The Role of Air Force Civil Engineers in Counterinsurgency Operations

By Brown, Kendall | Air & Space Power Journal, Summer 2008 | Go to article overview

The Role of Air Force Civil Engineers in Counterinsurgency Operations


Brown, Kendall, Air & Space Power Journal


WHAT IS THE role of the Air Force's general-purpose forces in support of counter-insurgency (COIN) operations? Facilitators of the 2007 Air Force Symposium on Counterinsurgency posed that question at Maxwell AFB, Alabama, in April 2007. A presentation by David Ochmanek of the RAND Corporation analyzed areas of the world where insurgencies were present-or were developing-and in which the United States might determine that its national interests required US military involvement.1 His analysis concluded that the Air Force does not have sufficient Rapid Engineers Déployable Heavy Operations Repair Squadron, Engineers (RED HORSE) and Prime Base Engineer Emergency Force (Prime BEEF) squadrons to sustain operations in those COIN engagements as part of the Air Force's general-purpose forces. But what is the role of its civil engineer (CE) forces in the COIN environment? What do they bring to the fight once they've established the base for the air forces supporting the joint or combined mission? Do they have any specialized capabilities? Can we simply outsource that role to a commercial entity or another service? In order to answer those questions, we must review the origins and history of civil engineering in the Air Force, examine its capabilities, and then identify its possible use in future COIN operations.

History of Air Force Civil Engineering

Beginning in 1918, the US Army established specialized units to support the needs of its developing aviation assets.2 During World War II, aviation-engineer battalions and airborne aviation-engineer battalions were established within the Army Corps of Engineers to construct, repair, and defend Army Air Corps airfields in overseas theaters.* After the formation of the US Air Force in 1947, facility construction for Air Force bases remained a Corps of Engineers responsibility.4 However, "to perform combat engineering support, an agreement was reached whereby the Army would organize, staff and train units placed under Air Force operational control for the exclusive support of the USAF mission. Those battalions were designated Special Category Army with Air Force."5 When the Korean War began in 1950, these units had low readiness levels because of their unique status as US Army battalions assigned to the Air Force. Although the aviation-engineer battalions performed tremendous feats during the Korean War, the resource, organizational, and command and control challenges created by this relationship indicated that the Air Force needed organic units with specialized capabilities for airfield construction and repair. World events in the late 1950s and early 1960s (Lebanon in 1958, Berlin in 1961, and the Cuban missile crisis in 1962) "demonstrated a need for mobile CE teams ready for immediate deployment to perform construction work during wartime or other emergencies."6 The Air Force created the Prime BEEF team concept in 1965 to give it the capability to respond to such emergencies. As the service became more involved in Vietnam, it once again required heavy-repair capabilities with more equipment, skills, and personnel than Prime BEEF teams could provide; therefore, the Air Force created dedicated CE squadrons-RED HORSE-to address this need.7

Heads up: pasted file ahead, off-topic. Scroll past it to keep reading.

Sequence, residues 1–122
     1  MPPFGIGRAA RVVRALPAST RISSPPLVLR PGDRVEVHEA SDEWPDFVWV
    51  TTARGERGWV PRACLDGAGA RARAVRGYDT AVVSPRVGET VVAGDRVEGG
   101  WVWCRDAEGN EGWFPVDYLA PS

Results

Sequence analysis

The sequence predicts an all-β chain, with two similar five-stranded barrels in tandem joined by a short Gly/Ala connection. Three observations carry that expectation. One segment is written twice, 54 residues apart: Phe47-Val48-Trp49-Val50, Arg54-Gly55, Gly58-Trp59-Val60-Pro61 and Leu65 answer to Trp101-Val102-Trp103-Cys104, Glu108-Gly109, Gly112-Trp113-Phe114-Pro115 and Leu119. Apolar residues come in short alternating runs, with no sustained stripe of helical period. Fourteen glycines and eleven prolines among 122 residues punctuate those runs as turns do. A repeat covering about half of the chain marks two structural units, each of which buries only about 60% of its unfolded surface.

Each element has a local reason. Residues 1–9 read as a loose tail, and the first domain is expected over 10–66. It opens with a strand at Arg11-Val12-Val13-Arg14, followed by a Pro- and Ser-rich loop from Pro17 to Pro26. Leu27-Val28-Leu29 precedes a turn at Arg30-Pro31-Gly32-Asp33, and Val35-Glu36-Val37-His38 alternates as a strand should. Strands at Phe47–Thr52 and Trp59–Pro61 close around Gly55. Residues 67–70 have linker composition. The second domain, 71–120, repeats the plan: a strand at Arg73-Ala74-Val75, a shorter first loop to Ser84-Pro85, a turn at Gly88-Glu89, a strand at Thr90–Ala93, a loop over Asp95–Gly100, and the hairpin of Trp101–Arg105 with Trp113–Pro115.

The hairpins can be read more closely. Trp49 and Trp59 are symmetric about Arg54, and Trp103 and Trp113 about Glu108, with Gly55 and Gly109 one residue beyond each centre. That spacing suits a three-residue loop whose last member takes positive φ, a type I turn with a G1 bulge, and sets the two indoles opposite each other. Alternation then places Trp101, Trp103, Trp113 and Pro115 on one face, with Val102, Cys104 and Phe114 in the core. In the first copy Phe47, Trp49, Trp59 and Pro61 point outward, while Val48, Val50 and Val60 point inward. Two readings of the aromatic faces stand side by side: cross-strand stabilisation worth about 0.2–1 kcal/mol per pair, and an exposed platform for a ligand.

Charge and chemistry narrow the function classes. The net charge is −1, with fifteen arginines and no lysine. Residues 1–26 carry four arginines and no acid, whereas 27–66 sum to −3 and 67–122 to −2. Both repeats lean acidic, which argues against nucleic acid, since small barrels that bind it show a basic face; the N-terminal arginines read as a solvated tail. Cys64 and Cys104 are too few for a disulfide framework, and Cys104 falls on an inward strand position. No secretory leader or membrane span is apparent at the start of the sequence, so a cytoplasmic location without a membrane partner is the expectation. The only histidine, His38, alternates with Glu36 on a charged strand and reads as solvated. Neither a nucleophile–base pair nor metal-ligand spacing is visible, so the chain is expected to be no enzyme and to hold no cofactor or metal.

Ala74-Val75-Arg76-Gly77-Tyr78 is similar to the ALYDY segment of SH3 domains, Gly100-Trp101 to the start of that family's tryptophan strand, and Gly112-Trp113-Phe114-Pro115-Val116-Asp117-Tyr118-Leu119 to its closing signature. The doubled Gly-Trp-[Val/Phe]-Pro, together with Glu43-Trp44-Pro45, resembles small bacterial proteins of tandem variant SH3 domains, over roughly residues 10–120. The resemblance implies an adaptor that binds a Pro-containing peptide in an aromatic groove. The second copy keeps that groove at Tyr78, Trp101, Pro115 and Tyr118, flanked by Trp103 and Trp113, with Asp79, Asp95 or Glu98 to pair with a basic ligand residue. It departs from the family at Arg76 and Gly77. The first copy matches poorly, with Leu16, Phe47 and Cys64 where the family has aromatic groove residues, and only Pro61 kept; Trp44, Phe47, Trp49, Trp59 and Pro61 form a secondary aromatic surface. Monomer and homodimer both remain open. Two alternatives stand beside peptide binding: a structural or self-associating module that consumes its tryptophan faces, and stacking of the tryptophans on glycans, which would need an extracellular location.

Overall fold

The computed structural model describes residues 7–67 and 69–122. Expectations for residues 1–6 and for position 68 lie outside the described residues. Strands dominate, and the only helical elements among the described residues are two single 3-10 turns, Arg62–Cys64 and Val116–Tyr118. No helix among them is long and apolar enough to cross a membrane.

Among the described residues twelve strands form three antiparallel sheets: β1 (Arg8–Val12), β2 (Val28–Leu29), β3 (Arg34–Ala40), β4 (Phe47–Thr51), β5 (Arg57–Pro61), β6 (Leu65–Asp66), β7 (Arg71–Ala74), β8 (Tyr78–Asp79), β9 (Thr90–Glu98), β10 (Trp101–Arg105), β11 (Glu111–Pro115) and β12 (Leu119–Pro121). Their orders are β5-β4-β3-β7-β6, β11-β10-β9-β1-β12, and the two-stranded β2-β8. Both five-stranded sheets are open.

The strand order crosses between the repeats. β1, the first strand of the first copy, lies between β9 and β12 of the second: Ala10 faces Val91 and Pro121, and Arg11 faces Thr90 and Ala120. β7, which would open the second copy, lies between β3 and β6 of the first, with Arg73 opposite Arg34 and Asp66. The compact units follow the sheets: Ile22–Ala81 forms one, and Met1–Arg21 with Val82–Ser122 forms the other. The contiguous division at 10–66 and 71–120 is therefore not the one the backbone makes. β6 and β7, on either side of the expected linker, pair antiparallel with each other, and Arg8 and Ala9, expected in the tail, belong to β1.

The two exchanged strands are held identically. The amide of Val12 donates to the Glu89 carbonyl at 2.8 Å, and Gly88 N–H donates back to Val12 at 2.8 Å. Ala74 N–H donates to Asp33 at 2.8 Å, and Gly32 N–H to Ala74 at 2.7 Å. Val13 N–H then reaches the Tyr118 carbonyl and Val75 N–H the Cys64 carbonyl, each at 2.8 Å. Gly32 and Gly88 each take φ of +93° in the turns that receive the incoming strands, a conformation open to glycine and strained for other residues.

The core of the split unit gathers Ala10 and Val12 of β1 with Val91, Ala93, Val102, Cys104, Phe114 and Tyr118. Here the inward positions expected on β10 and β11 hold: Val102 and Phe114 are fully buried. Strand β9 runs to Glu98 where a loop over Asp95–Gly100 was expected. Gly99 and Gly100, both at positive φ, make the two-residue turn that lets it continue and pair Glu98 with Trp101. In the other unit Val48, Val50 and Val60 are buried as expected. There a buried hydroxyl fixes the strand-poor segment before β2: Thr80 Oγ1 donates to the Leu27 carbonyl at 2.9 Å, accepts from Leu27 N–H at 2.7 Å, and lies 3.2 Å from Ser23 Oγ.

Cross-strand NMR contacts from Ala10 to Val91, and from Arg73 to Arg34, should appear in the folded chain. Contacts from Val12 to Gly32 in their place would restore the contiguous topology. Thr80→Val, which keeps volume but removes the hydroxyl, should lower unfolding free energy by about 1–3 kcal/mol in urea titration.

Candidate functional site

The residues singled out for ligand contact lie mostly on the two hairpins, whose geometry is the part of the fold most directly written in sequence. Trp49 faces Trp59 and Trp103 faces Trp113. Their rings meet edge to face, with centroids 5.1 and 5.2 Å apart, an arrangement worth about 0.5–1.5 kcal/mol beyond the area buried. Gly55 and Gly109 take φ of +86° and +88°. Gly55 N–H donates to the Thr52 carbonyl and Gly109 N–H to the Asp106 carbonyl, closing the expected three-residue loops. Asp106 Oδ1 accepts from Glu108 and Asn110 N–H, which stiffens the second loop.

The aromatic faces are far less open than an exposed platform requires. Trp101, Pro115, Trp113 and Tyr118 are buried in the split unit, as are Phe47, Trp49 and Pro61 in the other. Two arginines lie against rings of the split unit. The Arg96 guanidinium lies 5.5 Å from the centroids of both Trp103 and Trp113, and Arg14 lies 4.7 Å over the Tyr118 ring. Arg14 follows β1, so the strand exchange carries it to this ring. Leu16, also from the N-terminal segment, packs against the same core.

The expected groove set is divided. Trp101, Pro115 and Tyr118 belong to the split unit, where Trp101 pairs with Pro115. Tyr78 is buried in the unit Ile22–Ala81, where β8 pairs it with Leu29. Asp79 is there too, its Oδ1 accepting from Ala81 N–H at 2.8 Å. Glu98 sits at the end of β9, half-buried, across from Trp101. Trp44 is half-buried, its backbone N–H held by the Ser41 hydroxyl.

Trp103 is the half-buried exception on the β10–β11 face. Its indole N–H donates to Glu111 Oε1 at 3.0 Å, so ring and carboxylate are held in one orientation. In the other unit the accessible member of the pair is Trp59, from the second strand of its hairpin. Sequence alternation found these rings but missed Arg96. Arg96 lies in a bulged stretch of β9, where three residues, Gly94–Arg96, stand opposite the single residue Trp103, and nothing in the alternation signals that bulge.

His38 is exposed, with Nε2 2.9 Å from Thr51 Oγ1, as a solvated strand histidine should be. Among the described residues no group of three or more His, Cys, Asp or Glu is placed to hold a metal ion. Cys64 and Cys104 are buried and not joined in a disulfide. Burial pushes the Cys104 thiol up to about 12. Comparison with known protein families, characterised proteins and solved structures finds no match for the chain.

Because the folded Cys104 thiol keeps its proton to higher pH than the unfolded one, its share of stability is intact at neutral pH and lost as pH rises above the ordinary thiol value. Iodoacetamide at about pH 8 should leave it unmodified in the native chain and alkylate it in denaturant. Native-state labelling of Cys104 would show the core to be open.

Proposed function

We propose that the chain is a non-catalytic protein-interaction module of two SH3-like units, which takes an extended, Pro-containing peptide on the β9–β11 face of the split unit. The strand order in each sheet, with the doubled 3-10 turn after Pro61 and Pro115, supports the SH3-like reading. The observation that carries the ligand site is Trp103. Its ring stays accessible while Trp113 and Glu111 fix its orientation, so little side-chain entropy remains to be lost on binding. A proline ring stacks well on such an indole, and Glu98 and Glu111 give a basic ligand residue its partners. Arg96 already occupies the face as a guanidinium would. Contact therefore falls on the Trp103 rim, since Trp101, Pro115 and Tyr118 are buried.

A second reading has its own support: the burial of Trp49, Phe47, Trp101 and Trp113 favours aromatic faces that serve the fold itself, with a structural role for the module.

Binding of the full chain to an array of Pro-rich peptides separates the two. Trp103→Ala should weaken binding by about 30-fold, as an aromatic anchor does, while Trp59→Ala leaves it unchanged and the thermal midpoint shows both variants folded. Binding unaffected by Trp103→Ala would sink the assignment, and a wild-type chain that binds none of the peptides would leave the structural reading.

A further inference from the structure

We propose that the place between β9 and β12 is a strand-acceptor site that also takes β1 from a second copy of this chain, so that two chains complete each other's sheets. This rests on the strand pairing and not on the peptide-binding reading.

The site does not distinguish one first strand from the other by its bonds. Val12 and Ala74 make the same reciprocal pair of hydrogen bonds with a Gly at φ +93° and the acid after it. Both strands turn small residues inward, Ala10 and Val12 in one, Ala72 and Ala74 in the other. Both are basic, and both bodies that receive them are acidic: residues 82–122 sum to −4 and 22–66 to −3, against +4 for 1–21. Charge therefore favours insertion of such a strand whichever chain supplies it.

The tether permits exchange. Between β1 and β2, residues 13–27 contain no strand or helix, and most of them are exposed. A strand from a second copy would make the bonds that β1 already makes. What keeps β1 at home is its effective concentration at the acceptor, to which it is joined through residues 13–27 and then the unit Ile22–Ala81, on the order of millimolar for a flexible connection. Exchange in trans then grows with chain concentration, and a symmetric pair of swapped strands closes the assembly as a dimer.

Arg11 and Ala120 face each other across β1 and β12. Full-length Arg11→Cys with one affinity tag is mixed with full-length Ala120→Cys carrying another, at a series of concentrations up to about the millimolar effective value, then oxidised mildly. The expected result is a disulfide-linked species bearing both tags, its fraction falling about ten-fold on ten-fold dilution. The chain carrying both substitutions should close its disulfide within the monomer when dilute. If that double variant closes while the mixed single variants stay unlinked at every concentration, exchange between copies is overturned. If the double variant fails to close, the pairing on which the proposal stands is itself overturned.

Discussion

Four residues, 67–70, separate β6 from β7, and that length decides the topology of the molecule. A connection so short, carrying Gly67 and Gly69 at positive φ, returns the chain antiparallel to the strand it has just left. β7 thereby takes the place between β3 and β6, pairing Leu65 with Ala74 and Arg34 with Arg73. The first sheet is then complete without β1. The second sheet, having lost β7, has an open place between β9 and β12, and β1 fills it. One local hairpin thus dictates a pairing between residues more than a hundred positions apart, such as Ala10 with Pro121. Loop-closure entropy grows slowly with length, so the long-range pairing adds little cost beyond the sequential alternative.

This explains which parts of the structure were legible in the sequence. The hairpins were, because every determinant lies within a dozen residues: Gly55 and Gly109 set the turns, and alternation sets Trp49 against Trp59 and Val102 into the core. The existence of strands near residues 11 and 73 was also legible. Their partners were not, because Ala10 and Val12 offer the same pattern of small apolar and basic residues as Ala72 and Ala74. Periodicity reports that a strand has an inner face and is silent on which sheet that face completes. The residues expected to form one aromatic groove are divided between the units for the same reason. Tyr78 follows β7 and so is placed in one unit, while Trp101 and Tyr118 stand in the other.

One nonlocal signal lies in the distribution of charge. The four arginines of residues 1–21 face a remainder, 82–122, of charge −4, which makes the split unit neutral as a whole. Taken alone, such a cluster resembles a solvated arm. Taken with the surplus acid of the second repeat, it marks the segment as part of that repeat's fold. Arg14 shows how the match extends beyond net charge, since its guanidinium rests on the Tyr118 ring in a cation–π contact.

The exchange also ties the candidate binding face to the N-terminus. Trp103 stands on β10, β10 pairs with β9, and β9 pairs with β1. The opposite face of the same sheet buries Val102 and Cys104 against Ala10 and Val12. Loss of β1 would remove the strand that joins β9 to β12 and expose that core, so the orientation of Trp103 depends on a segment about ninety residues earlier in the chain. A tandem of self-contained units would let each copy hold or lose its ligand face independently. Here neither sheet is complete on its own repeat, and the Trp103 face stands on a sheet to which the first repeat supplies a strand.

CEs have supported Air Force contingency operations throughout the world since the Vietnam War, including those resulting from foreign and domestic natural disasters as well as terrorist attacks. Beginning in the 1980s, a Cold War period in which the Air Force seldom used CEs' contingency capabilities, many of its active duty and Reserve units began participating in foreign-militaryassistance missions in Central America, South America, and the Caribbean. These deployments served several objectives, primarily providing real-world, contingency-like training for unit personnel. Secondarily, however, during these deployments, CEs would construct or repair local hospitals, schools, roads, bridges, or other infrastructure projects, providing significant benefits to the local populace. …

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